When we implemented Logistic Regression in Week 2 of Course 1, Prof Ng tells us that it suffices to use zero initialization for the w and b values that will be learned through Gradient Descent and we will still get a valid solution. But when we get to real Neural Networks in Week 3 with the 2 layer net, we can no longer get away with using zero initializations and need to use random initializations of all the W^{[l]} values in order to “break symmetry”. But Prof Ng only mentions this briefly and doesn’t really get into much detail. Frequently people ask why Logistic Regression is different in this respect. As always, it comes back to the math.

Let’s start by looking at the formula for the gradient of w in Logistic Regression:

dw = \displaystyle \frac{1}{m} X \cdot (A - Y)^T

If we start with w and b all zeros, then A will be 0.5 for all samples, since *sigmoid(0) = 0.5* . The Y values are all either 0 or 1 (the labels), so you end up with a non-zero values for dw. That means that Gradient Descent can learn a different value for w even starting with w and b as zeros. It works similarly for b.

Now look at the formulas for the shallow two layer NN case and things are quite a bit more complicated:

dZ^{[2]} = A^{[2]} - Y

dW^{[2]} = \displaystyle \frac{1}{m} dZ^{[2]} \cdot A^{[1]T}

dZ^{[1]} = W^{[2]T} \cdot dZ^{[2]} * g^{[1]'}(Z^{[1]})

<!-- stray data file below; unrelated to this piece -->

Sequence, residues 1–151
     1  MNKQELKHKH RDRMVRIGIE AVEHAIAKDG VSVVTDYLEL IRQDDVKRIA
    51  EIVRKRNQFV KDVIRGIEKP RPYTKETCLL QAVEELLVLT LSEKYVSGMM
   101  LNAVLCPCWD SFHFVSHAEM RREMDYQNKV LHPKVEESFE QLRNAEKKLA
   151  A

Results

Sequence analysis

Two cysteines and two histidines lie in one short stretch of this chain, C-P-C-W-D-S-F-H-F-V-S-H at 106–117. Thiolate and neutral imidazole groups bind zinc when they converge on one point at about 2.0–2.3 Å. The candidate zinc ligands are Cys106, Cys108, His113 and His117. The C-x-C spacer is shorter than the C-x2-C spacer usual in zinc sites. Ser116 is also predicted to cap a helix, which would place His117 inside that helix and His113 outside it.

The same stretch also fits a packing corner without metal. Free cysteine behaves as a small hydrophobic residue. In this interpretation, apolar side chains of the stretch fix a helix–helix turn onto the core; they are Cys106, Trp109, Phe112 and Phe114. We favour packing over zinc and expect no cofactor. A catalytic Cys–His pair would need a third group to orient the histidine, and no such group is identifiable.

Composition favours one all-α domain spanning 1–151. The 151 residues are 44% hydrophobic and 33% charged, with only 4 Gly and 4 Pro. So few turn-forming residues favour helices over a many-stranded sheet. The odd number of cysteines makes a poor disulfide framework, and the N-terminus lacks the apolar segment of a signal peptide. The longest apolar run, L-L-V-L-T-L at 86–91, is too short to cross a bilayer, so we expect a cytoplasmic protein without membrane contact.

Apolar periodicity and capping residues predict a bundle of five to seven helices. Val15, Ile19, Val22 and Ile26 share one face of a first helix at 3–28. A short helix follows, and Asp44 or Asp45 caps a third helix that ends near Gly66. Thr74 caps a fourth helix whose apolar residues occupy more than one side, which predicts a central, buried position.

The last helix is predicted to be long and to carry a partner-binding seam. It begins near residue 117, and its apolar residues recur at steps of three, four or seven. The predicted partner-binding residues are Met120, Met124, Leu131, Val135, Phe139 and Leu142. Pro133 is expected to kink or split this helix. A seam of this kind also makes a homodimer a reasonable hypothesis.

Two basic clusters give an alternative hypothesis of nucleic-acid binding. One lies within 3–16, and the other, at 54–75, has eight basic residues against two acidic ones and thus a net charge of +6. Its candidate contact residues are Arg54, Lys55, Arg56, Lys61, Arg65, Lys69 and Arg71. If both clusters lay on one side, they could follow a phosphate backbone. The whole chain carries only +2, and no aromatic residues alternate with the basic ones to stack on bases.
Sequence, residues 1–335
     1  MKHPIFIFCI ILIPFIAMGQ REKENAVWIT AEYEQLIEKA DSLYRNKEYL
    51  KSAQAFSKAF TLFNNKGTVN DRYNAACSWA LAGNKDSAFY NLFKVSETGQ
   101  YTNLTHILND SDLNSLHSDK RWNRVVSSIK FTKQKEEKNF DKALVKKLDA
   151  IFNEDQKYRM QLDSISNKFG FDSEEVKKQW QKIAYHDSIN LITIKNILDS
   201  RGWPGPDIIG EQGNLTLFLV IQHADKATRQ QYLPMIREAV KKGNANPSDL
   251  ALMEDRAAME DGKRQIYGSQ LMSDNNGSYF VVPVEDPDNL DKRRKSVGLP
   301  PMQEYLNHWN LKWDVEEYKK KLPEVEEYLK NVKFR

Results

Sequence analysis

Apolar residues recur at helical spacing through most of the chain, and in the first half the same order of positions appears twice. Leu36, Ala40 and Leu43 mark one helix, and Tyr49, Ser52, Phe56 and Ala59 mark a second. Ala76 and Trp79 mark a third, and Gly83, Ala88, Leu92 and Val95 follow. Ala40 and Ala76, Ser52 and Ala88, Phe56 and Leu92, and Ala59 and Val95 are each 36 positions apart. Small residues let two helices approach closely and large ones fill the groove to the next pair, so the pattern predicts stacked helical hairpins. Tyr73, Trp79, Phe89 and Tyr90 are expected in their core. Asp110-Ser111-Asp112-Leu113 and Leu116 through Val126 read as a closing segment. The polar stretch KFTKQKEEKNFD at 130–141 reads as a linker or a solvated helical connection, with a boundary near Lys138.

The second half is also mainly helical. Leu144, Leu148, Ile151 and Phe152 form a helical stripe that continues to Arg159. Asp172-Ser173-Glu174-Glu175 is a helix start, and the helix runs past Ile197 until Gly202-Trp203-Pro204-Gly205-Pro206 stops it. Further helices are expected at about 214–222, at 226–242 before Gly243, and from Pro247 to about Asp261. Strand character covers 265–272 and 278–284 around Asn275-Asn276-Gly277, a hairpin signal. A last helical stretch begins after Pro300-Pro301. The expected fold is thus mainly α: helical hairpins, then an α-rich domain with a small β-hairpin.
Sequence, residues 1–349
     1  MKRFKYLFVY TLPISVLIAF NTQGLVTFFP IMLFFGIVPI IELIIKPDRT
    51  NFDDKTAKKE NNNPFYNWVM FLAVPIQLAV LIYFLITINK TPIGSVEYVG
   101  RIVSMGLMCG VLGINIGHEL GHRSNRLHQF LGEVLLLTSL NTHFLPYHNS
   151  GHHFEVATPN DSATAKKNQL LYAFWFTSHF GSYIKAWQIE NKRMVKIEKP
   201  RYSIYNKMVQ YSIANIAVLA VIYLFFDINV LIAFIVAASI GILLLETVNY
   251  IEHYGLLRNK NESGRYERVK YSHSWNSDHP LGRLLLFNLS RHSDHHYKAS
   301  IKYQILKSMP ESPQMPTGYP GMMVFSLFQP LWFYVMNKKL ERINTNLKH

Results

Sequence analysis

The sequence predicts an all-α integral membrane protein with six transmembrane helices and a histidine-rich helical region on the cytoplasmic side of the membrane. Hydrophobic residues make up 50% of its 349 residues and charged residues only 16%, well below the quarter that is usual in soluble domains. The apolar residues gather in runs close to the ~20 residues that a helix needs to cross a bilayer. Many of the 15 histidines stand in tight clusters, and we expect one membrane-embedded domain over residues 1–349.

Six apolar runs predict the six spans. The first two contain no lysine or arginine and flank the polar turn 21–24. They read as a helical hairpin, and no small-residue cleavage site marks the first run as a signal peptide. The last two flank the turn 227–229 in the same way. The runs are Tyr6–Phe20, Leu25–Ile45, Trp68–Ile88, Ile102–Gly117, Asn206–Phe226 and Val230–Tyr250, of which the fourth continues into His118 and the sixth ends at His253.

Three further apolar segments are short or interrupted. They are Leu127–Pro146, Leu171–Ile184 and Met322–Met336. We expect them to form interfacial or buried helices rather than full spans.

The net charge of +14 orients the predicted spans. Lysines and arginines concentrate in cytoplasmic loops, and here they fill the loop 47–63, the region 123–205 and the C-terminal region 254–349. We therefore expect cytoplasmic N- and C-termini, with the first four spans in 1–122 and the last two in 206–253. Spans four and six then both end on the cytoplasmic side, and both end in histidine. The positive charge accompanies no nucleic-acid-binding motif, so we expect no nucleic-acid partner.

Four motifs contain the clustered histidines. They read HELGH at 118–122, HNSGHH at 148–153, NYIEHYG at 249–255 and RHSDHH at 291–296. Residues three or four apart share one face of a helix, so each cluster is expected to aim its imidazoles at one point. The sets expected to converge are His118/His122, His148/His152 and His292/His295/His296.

dW^{[1]} = \displaystyle \frac{1}{m} dZ^{[1]} \cdot X^T

Starting with both W and both b values zero, you can see that A^{[1]} will be all zeros because *tanh(0) = 0* . So that will result in dW^{[2]} being zero. Then W^{[2]} is all zeros, so dZ^{[1]} will be zero and that means dW^{[1]} will also end up being zero. So Gradient Descent is stuck: it can’t change either of the W matrices, meaning that no learning can take place.

Note that there are some further subtleties to explore here: e.g. what if we changed the layer one activation to something like *sigmoid* that doesn’t give 0 output for 0 input, would that change the result? It turns out it does not. See below for more on that.

It actually turns out that you have a choice of the method to “break symmetry” here: you can do as Prof Ng recommends and randomly initialize all the W matrices, but set the biases to zero initially. Or you can do the reverse: set the W values all to zero, but randomly initialize the bias values. In either case symmetry will be broken and Gradient Descent can learn.

**What about using non-zero initializations but making them all the same?**

The next question is what happens if we use an activation function in the hidden layer for which g(0) \neq 0? Or we could initialize the weights and biases with the same small values as in:

`W1 = np.ones((n1, n0)) * 0.01`

It turns out that what happens if you use that style of initialization is that you *can* learn new values of all the W^{[l]} and b^{[l]} parameters, but the values that you get are themselves symmetric in the sense that all the neurons output the same values at every level. That means that it’s equivalent to a network with just a single neuron. So it’s not just that there’s something bad about starting with zero values: what is bad is starting with all the *same* values, either zero or non-zero. It really is the case that you need to “break symmetry” by starting with values that are all different at least for the W^{[l]} values. We could dig deeper and prove this mathematically, but it’s easy enough and kind of fun just to try it yourself and watch what happens. I used the Week 4 Application assignment code and then added my own “init” routine using the technique above and then ran 200 iterations and printed out all the W^{[l]} and b^{[l]} values and it’s easy to see what happens!